Nothing comes without a price. Making a profit while helping the community should be celebrated, not tarnished. If you are waiting for a free solution to the housing crisis on Martha’s Vineyard, you will be waiting forever.

  2. James, I believe this essay is part of the MVTimes’s 2020 New Year’s series of imaginings for the future. It’s another fantasy of what life on the island could be like in 10, 20, 30 or more years from now– in one’s wildest dreams, like imagining only women leaders, a cure for Lyme, and no need for the Food Pantry.

    • Whatever this writing series aspires to, what we do have is an author who has misrepresented himself, with a bunch of aspirational platitudes on housing disguised as a disinterested person.
      The self serving ideals were not discounted down to the paltry 25% affordable ratio relative to those 17 of 68 housing units. That disingenuous sum was clearly to seduce the MVC into granting approval, not an affirmation of the authors ideals.
      Make no mistake about this, the author concealed his true intentions in a thinly veiled attempt to win public favor.

      • James. I agree that people who conceal their real intentions and are disingenuous are at the bottom of the swamp. Thank you for pointing out the authors deception and ill intent.

      • Oh, James. Misrepresenting oneself? Your honey escapades will forever haunt you. We all have crosses to bear, but your slinging mud at someone else adds to your cross’s weight. Affordable housing will require multiple solutions — some public, some private, and some a collaboration. There is no single solution. I saw no bias in the article by the author. His words were not tainted in my mind. I didn’t misread his “true intentions.” The good news is since you’ve started posting in 2020 it must mean you’ve coughed up the cost of an annual subscription to the Times. Thanks for supporting island journalism.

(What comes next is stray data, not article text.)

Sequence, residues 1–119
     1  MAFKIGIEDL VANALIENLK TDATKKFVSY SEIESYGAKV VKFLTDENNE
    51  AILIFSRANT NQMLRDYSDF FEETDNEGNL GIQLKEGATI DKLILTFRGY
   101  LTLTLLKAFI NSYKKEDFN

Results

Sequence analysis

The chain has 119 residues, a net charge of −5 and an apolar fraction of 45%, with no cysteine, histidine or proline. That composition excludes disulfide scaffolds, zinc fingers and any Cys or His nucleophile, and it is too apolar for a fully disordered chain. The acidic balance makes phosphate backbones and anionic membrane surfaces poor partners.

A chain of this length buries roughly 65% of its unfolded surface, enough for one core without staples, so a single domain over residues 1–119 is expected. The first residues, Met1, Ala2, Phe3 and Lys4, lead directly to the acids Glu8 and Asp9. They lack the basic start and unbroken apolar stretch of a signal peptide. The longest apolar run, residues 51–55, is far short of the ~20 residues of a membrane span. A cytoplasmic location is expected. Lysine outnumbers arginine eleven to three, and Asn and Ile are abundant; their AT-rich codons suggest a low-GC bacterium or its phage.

• “Misrepresenting oneself?“
          Interesting coming from a person who chooses to conceal themselves with a pseudonym.

          • james— there is a difference between maintaining anonymity on a public website and outright fraud. Fortunately , no one died as a result of either.

      • Thanks for pointing out the author ‘s interest. We all have them and need not be concerned when someone illuminates.

  3. And James, exactly what is your solution to the housing crisis on the Vineyard and throughout Cape Cod? At least someone’s focusing on affordable housing out there…assuming the NIMBYs don’t prevail as is all too prevalent when it comes to housing those with an income level below the upper 25%.

  4. All housing is affordable. It is simply a matter of who you want your neighbors to be. You will not solve this problem unless you relax restrictions and increase supply. Restricting house size and profitability on resale; taxing renters in order to create endowments for subsidies, all will fail. Get rid of cronyism and NIMBY and you have a decent chance. The real solution is to let market forces function. The invisible hand of Adam Smith if allowed to work will sort all this out. Picking winners and losers never does. If you dont get enough teachers and policemen and other workers to live here due to high prices the survivors will make other choices. We stopped using the post office due to Fedex. We stopped shopping in malls due to Amazon. We now have food delivered to our homes. People adjust. Let the government get out of the way. Govt ruins everything it touches because it has no profit motive and someone else will pay. This guys Hinckley proposal will never get off the ground due to MVC and nonsensical flooding fears.

  5. It’s always a developer who benefits from building ‘affordable’ housing that advocates for the rest of us to pay for it via ‘housing banks’ and other bureaucracies. Everyone who lives here found a way to make it work. Many ‘children’ grow up in expensive places and either figure out a way to afford it or move elsewhere. Just because you grew up in a pricey zip code does not give you a right to live there when someone else is subsidizing you . (as you enjoy the grossly inflated wages for mediocre work performance). Here’s a thought. It would solve the so-called ‘crisis’ immediately. But the liberal do-gooder phonies here don’t want it in their backyard, and they won’t profit from building the structures. Find a piece of land. Perhaps one of the former landfills that sit vacant. Put in a sewer system and water. Pave a few streets and some ‘pads’. Then truck in some ‘manufactured’ homes. Many of these ‘manufactured homes’ are a lot nicer than the cheap spec houses that litter our developments. Its a long way from the old ‘trailer park’ negative stereotype. But it will never happen. Older density was 15-20 spaces per acres, and current preferred density is 7-9 per acre. That would make a serious dent in the affordable housing ‘crisis’. Not everyone needs to live in a 4 bedroom 2 bath home with a 2 car garage on 1/2 acre…. unless you want to pay for it yourself.